Even while the lawsuit is pending, colleges are having to move extremely quickly to implement ICE’s directive -- even before the Trump administration issues its promised temporary final rule on this subject.

Colleges only have until July 15 -- nine days after the policy change was announced -- to report to ICE whether they will be entirely online this fall. Colleges operating in hybrid models have until Aug. 4 to reissue new I-20 forms for all of their international students. Some institutions enroll thousands of international students, necessitating the issuance of thousands of new forms.

Miriam Feldblum, executive director of the Presidents’ Alliance on Higher Education and Immigration, a group of college presidents focused on immigration policy, said the change appears to have been done in a “punitive fashion.”

“We’re talking about unrealistic timelines, timelines that are not responsive to the course of the pandemic,” she said. “All these decisions are being made by reviewing evidence-based trends.”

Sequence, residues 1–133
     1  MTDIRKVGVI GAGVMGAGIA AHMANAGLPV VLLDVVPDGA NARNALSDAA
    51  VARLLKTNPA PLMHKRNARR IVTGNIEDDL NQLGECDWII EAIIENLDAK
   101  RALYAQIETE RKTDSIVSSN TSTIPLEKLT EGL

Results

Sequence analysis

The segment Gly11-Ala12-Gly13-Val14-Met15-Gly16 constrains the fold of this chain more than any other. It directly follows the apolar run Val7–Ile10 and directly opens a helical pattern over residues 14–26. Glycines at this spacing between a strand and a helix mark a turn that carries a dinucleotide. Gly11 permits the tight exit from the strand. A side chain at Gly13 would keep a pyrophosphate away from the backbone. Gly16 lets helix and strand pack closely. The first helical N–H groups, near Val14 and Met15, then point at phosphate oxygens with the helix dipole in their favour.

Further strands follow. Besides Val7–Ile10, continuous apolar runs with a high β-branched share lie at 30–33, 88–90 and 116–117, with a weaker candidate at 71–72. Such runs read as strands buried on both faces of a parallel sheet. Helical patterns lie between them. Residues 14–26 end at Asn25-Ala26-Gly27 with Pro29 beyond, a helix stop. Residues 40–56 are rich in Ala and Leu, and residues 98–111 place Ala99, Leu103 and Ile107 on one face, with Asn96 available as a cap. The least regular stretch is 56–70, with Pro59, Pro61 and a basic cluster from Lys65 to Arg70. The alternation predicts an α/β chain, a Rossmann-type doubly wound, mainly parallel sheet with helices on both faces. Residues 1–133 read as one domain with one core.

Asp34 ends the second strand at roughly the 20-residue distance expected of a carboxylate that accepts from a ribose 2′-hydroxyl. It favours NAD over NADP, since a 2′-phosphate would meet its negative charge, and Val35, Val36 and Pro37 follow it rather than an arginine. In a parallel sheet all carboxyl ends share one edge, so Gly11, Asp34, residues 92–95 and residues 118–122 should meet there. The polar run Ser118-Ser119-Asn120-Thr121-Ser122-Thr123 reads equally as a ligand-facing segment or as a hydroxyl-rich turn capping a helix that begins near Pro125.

William Brustein, special assistant to the president for global affairs at West Virginia University, said another challenge is that colleges are hard-pressed to advise students due to the vagueness of the guidance on hybrid learning.

“They will be allowed to take more than one class, or three credit hours, online, but how many?” he asked. “Let’s say they’re taking 15 hours. Can they take 12 hours, can they take nine hours online? We don’t know. We cannot advise on this point until we understand or we receive clarification.”